With an iron core, a typical ## B ## you could expect to achieve would be about ## 1.0 ##. With an iron core, the equation is ## B=\mu_o \mu_r n I ##, where ## \mu_r \approx 500 ## for iron. One other note: The magnetic field will saturate for iron for ## B ## slightly greater than ## 1.0 ##, so that with an iron core, increasing ## n ## to a large number doesn't offer the same gain that it does with an air core.

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I am afraid the relevant equation won't help as NathanSM has not yet done the wire resistance calculation.

The orientation of the long winding field in the tube will not interact with a steel ball in the way NathanSM expects. That would require a horizontal field across the tube which could use a magnetic core.

NathanSM said:
Im beginning to believe that since doubling the wire length did not affect strength, voltage drop is the issue. I may purchase DC-DC boost converter and try to run the circuit at a much higher voltage and see how this affects the strength.

I believe you need to maximize the magnetomotive force (MMF) in order to obtain more mechanical force in your solenoid design, and I think MMF is proportional to the electrical power input to the coil, so it needs to provide more electrical power to generate a larger MMF.For a coils with limited winding space, you can choose thin wire or thick wire to make the coil. Thin wire results in more turns and high resistance, which in turn requires high voltage and low current inputs. On the other hand, thick wire results in fewer turns and low resistance, which in turn require low voltage and high current inputs.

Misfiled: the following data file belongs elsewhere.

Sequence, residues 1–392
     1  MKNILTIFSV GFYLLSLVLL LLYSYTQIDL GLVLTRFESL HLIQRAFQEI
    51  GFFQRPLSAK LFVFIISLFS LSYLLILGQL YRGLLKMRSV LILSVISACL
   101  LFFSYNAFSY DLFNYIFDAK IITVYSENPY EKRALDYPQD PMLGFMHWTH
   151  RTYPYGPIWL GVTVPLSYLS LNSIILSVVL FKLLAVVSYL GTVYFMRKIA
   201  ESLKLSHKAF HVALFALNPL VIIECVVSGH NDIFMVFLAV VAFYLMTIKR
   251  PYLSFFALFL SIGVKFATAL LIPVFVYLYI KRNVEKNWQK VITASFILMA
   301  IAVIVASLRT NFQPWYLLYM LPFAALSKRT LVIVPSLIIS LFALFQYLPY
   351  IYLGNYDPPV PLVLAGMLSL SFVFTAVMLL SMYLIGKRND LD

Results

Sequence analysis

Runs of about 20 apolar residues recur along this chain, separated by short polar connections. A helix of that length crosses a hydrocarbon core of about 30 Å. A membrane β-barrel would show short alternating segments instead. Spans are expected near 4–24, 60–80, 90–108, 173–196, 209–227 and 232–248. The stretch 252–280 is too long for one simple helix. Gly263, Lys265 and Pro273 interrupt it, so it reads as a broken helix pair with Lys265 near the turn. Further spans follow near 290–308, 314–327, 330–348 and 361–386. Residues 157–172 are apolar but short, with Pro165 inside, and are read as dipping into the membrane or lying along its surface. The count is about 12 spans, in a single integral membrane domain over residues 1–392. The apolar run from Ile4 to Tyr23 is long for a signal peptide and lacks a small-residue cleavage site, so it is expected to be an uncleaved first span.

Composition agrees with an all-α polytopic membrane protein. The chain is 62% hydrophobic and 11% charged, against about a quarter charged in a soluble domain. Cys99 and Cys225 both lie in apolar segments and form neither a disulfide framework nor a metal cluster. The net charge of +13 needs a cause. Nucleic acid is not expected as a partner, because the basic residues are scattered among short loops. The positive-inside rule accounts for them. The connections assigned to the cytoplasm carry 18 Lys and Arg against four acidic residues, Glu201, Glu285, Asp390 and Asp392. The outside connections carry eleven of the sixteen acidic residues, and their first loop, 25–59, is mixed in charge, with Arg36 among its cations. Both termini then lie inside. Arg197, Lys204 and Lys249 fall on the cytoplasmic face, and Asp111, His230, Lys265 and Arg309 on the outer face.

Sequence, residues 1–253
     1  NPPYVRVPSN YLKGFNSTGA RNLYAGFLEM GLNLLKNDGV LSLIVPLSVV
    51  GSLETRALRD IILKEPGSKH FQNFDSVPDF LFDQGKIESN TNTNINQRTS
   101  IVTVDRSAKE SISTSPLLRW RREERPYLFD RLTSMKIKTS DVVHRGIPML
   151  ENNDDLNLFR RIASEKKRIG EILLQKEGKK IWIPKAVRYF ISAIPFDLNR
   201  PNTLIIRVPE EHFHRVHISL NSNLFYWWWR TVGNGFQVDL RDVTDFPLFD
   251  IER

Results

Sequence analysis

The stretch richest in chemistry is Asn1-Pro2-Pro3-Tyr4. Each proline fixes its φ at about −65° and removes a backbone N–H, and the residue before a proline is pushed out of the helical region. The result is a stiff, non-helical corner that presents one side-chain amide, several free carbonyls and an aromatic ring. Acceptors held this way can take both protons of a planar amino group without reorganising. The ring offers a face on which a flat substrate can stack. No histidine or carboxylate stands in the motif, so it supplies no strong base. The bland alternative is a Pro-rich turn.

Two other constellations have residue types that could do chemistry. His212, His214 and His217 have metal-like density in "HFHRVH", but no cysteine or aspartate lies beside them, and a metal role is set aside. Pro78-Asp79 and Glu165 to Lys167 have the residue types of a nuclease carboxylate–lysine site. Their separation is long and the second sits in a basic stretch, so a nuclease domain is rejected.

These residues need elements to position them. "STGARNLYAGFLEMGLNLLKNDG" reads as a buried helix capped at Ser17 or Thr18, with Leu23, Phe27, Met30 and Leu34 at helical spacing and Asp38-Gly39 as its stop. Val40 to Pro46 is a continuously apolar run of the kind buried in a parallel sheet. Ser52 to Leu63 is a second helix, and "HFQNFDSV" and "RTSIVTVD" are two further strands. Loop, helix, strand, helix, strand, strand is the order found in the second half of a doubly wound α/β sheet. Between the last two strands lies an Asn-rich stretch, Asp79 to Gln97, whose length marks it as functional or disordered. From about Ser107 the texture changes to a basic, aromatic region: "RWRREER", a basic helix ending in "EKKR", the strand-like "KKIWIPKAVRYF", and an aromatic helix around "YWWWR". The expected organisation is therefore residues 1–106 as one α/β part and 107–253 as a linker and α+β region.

However, if the input electrical power is the same, the MMF produced in the two cases will be roughly the same.

So the important factor is how much power you are willing to provide, but, of course, if too much power is applied, you also need to consider overheating.

Moreover, just increasing the coil winding space can increase MMF without adding additional power input.

Remark :
MMF = NI, where N is the number of turns in the coil and I is the electric current through the circuit

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Some other interesting cases about wires and power supplies under the same conditions of limited coil winding space are the following:

Case 1, If the power supply has a fixed voltage ouput and infinite current capability, thicker copper wire will produce a larger MMF

Case 2, If the power supply has fixed current output and infinite voltage capability, thinner copper wire will produce larger MMF

Case 3, if the voltage across and the current through the coil are fixed values, then the resistance, input power and generated MMF of the coil are also fixed values. We can continue to calculate the corresponding number of turns and cross-sectional area of the wire, and then fill up the limited winding space.

Note on case 1 and 2 : -
Assumes the coil will not be destroyed by excessive voltage, current and power input..Typical coil data of relay for reference : -